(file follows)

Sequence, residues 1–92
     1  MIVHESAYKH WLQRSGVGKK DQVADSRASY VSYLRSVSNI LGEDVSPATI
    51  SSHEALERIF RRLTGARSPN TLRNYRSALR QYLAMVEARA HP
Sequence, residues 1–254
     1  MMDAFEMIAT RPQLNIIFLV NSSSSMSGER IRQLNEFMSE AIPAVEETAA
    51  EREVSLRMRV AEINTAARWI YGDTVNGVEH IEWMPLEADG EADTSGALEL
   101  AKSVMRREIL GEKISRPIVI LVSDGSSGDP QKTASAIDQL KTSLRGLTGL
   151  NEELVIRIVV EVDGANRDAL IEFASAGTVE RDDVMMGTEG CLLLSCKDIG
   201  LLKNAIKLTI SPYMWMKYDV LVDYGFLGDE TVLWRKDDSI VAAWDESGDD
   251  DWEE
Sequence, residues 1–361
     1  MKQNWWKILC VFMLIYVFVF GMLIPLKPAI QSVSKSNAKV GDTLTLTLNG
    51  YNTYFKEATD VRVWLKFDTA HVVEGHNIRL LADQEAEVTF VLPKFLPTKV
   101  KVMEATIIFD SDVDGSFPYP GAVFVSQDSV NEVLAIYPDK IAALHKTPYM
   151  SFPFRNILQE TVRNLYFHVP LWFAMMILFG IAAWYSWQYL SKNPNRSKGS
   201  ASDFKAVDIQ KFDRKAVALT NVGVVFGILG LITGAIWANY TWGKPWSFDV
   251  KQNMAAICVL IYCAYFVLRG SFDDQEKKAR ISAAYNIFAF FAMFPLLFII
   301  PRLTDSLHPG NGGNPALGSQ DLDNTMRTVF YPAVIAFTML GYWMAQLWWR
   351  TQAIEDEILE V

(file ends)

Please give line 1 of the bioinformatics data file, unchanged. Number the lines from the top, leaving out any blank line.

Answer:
Sequence, residues 1–92